|Patriot Viper-II DDR3 Lynnfield Memory Kit|
|Reviews - Featured Reviews: Memory|
|Written by Mathew Williams - Edited by Olin Coles|
|Thursday, 26 November 2009|
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Patriot Sector 5 Final Thoughts
Memory manufacturers have been hard at work trying to free up every last bit of performance from Intel's Lynnfield Desktop Platform. The challenge has been to push frequencies higher, without compromising latencies or the 1.65v limit established by Intel. At 2000MHz, the Patriot Sector 5 DDR3 kit we looked at today definitely accomplishes that. The question posed at the beginning of the article, however, was whether this increased speed would translate to better performance.
To answer that question, we ran several benchmarks. The results of our synthetic tests indicate that in most cases, the higher frequency does improve memory bandwidth and performance. We also ran a real-world gaming test using Crysis Benchmark Tool. At 1024x768 and low quality, the faster memory did have a significant impact on framerates. However, after increasing the resolution and quality settings, the performance advantage dropped down to a negligible amount. The bottom line here is that high performance memory of any kind should be paired with a system that can support and fully utilize the added bandwidth.
The Viper II Sector 5 DDR3 kit from Patriot was designed to meet the unique requirements of Intel's Lynnfield Desktop Platform. The 1.65v limit established by Intel often poses a challenge to memory manufacturers and vendors, but by selecting only the highest-binned chips, Patriot was able to deliver a kit rated at 2000MHz and 8-8-8-24 timings. In our benchmarks, that extra bandwidth translated to improved performance in just about every test. In the real world, performance gains aren't likely to be dramatic, but a high performance memory kit like this can help get the most out of Lynnfield.
The Sector 5 kit also fares well when it comes appearance. Combined with a black PCB and red Sector 5 logo, the Viper II heatsinks add a definite visual appeal. More importantly, though, they help to dissipate heat. While the moderate voltage of these modules does not necessitate the use of heatsinks, they do offer some peace of mind and should contribute to the longevity of these modules. Just be sure to check your system for clearance issues as the fins along the top may interfere with some CPU coolers.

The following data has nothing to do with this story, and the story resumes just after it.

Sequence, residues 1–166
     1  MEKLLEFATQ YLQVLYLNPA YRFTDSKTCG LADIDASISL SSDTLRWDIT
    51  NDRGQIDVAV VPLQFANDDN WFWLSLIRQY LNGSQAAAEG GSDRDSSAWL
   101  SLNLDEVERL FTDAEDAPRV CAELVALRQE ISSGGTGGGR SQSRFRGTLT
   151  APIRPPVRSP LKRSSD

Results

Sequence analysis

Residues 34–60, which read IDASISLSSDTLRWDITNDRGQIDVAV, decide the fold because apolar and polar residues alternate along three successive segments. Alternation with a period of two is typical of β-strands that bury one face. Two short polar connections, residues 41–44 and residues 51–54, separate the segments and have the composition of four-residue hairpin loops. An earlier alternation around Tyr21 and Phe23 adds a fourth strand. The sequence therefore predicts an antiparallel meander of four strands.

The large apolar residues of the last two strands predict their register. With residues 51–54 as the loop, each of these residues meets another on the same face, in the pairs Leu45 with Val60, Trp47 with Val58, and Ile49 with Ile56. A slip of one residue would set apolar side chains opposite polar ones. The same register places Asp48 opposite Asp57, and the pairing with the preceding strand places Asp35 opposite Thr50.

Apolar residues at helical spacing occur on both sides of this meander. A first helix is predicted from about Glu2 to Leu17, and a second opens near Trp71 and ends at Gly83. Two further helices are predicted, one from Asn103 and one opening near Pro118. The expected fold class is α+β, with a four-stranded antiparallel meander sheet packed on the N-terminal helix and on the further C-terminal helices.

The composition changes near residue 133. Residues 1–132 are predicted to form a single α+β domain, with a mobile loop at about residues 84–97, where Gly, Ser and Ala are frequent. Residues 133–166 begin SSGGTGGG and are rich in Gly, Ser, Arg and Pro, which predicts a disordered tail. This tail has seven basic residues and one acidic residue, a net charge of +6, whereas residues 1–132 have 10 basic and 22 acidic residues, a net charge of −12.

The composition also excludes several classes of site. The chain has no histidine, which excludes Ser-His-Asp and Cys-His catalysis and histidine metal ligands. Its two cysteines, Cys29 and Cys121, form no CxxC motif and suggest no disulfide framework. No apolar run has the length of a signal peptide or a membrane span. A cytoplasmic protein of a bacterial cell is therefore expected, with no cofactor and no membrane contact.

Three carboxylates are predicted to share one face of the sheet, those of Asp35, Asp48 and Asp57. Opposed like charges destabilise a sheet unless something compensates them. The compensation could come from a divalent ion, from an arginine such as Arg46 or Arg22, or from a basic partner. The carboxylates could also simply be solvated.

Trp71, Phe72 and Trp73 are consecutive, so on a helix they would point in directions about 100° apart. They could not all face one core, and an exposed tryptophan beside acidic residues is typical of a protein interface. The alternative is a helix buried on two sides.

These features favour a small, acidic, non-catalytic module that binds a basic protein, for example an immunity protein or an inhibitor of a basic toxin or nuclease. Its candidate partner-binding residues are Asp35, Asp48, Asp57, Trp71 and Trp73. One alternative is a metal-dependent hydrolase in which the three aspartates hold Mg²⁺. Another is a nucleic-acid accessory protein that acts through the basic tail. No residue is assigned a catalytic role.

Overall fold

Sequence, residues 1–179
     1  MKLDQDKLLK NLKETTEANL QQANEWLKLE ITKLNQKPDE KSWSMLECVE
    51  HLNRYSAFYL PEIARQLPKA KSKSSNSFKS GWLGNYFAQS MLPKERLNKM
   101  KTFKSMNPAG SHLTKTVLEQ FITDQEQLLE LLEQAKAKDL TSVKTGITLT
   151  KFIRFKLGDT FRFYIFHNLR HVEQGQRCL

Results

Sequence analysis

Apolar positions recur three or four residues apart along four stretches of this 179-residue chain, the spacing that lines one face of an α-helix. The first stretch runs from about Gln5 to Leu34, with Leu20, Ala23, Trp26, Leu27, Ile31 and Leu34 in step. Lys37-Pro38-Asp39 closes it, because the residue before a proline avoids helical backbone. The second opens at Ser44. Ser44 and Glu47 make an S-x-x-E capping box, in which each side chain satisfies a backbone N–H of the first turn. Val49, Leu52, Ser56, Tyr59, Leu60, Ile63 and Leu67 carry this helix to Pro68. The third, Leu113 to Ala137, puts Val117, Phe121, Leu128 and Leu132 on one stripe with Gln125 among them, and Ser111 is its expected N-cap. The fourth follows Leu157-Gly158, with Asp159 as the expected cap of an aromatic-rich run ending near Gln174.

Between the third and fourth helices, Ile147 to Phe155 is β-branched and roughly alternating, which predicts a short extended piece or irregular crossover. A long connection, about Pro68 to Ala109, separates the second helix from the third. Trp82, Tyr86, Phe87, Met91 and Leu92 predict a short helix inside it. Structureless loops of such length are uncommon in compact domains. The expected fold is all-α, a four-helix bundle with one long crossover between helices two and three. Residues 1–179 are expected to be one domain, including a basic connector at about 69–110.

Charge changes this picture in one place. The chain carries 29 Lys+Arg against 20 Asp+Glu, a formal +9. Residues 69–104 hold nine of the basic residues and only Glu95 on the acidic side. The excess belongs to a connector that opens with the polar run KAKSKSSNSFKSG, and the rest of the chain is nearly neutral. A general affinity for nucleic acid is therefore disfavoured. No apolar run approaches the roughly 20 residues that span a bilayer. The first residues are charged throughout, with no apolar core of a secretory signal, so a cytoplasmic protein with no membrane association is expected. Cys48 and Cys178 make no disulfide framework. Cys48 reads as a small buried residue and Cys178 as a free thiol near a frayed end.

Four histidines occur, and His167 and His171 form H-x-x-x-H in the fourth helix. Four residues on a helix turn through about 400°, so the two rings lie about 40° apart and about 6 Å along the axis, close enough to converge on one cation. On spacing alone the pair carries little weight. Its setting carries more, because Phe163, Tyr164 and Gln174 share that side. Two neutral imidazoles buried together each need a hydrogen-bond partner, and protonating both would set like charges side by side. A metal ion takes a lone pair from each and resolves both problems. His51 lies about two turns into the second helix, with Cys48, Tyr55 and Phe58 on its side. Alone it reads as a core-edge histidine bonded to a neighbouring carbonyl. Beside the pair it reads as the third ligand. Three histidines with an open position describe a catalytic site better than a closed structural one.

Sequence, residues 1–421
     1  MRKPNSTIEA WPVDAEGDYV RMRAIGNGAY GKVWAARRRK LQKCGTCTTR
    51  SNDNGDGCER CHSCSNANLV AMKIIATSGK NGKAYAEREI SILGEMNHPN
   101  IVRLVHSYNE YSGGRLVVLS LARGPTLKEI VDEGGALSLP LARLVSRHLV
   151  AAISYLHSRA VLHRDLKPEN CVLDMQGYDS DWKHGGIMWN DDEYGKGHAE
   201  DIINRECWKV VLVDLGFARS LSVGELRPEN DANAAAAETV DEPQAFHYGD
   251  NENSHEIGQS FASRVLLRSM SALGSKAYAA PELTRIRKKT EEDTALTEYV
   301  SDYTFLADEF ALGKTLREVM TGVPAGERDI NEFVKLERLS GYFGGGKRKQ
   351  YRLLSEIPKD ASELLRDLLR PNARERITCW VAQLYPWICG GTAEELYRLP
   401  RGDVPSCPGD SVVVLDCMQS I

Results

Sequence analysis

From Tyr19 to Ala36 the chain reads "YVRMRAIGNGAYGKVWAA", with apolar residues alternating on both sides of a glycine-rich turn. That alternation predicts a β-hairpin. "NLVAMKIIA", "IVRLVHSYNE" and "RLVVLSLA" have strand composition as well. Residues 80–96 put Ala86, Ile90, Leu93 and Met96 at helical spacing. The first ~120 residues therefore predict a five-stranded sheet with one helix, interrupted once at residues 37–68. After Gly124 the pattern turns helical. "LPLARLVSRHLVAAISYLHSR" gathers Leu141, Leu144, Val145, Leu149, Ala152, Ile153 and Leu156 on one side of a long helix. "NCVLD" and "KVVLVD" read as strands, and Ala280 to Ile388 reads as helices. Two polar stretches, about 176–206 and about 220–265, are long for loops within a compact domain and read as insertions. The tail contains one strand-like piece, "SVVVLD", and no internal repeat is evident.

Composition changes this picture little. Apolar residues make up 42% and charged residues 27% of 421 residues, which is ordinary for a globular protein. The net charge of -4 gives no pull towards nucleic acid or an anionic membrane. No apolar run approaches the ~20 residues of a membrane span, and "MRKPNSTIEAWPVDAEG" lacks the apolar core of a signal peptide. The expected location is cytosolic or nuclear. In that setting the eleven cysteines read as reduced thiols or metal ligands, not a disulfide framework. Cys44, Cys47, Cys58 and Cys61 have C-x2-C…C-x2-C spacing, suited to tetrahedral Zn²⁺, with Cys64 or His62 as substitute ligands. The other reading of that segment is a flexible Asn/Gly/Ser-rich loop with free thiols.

Another key factor when it comes to reliability and component longevity is quality control. Detecting problems early on will ensure they aren't passed along to the consumer. According Patriot, each kit is hand-tested before it's sent out the door. While it's difficult to validate this claim, it is reassuring to know they back it up with a lifetime warranty on all DRAM modules. As for the kit we received, it achieved the rated specifications without issue and performed flawlessly throughout benchmarking.
Getting the Sector 5 kit up to 2000MHz was a fairly painless process thanks to the built in XMP profile. On Lynnfield systems this is critical as the restricted memory multipliers require the system bus to be overclocked to reach higher memory speeds. A good XMP profile can handle this automatically by selecting the necessary frequencies, multipliers, and voltages. The only issue we encountered is that Turbo Boost needs to be disabled or manually adjusted to compensate for the higher bus speed.
With a retail price of $179.99 at Newegg, the 4GB PVV34G2000LLKB kit certainly isn't for budget builds. Compared to other high performance DDR3 kits on the market, though, it's a fairly reasonable price. Given the results of the performance testing we conducted today, it's easy to recommend the Patriot Viper II Sector 5 series for any high-end P55 system. Those on a budget, though, may want to consider upgrading other components first. As we discovered in our benchmarking, the video card is likely to become a bottleneck before the system memory.
+ 2000MHz rating
- Heatsink fins may interfere with some CPU coolers
Final Score: 9.0 out of 10.
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